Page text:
The Los Angeles City Clerk on Wednesday stated that only 41 of Los Angeles' marijuana dispensaries are eligible to stay open under the strict pot-shop ordinance that went into effect in June (PDF). However, the clerk stated, other shops would be allowed to operate until lawsuits against the city over its ordinance were settled.
The Los Angeles Times reported that all 30 lawsuits would be heard beginning Sept. 21. "Until then, you are not precluded from continuing your interim operation as a collective as long as long as you comply with all other provisions of California state law," the clerk's statement reads.
The clerk's finding appears to be a surprise, as the City Council, in passing the ordinance, hoped to maintain at least 70 legal shops and as many as 130 or so hold outs that had opened before an ill-fated 2007 moratorium.
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But the law is quite strict about how close pot shops can be from schools, churches and other "sensitive use" sites; and it requires specific hours of operations, security procedures and audits that would verify the operations as nonprofit.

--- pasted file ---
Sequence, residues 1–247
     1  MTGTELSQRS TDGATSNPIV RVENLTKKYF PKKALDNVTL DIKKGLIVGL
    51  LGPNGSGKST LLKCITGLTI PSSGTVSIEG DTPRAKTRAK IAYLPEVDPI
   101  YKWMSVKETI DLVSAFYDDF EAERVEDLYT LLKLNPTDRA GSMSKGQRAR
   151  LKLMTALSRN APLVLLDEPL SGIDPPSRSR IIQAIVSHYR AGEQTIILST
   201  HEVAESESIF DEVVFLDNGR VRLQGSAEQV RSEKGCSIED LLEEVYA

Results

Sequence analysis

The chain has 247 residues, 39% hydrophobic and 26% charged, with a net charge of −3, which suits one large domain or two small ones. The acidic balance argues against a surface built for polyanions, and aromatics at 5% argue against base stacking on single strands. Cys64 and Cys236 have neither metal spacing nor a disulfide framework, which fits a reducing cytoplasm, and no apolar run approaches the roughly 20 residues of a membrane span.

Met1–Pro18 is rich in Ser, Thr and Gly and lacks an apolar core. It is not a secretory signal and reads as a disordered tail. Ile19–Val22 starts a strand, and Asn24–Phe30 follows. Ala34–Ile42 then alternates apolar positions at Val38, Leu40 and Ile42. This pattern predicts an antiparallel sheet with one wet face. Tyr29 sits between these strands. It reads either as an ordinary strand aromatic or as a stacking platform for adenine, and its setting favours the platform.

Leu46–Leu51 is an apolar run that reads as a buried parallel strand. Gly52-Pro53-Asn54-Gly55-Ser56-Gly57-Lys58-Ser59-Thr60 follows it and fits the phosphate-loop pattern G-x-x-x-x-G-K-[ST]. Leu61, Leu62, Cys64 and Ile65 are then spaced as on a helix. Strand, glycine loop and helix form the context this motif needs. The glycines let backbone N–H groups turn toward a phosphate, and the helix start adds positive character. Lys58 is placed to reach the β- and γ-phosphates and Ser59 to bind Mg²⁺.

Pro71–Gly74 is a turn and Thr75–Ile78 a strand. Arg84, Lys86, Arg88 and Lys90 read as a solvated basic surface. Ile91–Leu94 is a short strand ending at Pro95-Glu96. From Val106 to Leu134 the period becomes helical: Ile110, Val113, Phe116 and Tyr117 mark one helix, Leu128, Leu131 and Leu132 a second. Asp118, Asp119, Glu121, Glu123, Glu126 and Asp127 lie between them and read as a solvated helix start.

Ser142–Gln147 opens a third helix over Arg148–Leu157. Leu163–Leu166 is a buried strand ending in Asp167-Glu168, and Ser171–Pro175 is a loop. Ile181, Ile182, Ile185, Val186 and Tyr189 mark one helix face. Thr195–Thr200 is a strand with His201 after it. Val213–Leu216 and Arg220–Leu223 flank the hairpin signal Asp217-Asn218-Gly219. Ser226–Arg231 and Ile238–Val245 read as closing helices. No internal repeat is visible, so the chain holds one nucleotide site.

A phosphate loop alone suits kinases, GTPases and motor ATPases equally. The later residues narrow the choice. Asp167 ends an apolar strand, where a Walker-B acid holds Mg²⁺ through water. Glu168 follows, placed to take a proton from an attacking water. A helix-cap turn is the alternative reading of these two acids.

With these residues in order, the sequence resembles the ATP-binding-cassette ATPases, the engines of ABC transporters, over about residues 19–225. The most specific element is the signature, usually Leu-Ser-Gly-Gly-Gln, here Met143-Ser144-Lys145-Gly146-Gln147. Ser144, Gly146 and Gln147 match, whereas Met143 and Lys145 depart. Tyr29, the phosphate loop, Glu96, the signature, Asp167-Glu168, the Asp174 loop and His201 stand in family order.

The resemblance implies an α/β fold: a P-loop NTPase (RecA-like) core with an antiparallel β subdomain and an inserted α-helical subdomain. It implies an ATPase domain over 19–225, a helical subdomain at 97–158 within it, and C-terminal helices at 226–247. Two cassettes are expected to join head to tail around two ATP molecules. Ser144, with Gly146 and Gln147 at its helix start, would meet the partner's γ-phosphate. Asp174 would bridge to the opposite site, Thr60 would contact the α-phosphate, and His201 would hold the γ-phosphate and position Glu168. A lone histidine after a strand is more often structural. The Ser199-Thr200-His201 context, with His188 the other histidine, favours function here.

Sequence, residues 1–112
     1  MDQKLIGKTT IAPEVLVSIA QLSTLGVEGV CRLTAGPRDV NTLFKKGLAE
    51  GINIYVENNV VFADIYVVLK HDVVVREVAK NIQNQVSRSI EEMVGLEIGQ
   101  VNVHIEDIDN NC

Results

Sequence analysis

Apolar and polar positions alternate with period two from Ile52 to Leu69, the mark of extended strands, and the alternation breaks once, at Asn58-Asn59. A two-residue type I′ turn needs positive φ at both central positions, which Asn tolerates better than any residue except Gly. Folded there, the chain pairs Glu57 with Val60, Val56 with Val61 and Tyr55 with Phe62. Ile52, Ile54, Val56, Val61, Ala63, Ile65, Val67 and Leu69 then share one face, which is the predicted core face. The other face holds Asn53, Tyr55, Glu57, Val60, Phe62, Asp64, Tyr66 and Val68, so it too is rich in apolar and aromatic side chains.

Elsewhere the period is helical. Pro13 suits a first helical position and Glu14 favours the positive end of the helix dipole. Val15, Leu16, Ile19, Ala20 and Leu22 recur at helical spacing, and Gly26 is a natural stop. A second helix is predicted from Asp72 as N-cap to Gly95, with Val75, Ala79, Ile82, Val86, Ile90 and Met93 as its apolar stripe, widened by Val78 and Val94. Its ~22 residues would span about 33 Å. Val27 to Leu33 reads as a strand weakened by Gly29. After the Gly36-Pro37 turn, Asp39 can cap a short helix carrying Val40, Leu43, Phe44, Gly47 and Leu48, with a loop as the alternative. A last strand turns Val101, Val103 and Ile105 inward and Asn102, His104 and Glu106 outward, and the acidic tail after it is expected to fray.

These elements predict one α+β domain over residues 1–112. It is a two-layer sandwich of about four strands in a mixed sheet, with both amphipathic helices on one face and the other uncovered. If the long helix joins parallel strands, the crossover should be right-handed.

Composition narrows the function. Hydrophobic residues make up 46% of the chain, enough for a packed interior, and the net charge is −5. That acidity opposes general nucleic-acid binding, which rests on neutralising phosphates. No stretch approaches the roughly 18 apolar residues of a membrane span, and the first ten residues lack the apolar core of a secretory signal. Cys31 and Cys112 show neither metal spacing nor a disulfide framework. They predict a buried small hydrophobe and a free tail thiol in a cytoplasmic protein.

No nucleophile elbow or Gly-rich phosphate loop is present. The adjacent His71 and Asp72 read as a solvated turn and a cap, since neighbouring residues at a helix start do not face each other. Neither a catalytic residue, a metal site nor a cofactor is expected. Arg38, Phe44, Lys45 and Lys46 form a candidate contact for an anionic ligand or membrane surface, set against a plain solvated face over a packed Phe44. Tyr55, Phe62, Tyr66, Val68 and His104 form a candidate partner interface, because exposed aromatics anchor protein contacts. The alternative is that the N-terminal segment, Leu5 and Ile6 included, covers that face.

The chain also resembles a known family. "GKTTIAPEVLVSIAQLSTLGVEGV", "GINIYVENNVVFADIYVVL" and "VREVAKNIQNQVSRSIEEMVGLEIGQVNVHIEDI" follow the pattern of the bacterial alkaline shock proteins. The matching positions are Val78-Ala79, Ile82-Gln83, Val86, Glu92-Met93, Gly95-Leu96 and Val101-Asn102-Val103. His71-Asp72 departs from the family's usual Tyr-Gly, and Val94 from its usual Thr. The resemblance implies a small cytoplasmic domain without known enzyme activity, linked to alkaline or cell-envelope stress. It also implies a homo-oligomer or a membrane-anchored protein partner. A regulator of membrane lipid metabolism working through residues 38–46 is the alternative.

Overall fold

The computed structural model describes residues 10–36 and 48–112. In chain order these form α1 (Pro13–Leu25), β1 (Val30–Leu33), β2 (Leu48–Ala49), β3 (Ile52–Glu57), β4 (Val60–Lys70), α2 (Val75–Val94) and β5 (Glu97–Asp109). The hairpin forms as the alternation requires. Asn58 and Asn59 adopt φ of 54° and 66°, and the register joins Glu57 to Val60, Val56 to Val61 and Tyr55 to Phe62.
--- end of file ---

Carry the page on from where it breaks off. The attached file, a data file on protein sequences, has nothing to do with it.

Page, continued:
In May the Los Angeles Police Department counted 583 pot shops in L.A. By summer, however, the City Attorney's office cracked down on pot shops outlawed by the ordinance and stated that all but 20 or 30 had closed -- besides the 130 or so presumed to be eligible to seek city permits.
Some, including as many as five in Eagle Rock, appeared to defy the city, however. Others have tried to find loopholes, including closing their doors to anyone but old members and delivering weed out the back door, to stay in business.
Under the city ordinance, if the number of legit pot shops falls below 70, operators can apply to be part of a lottery for additional permits.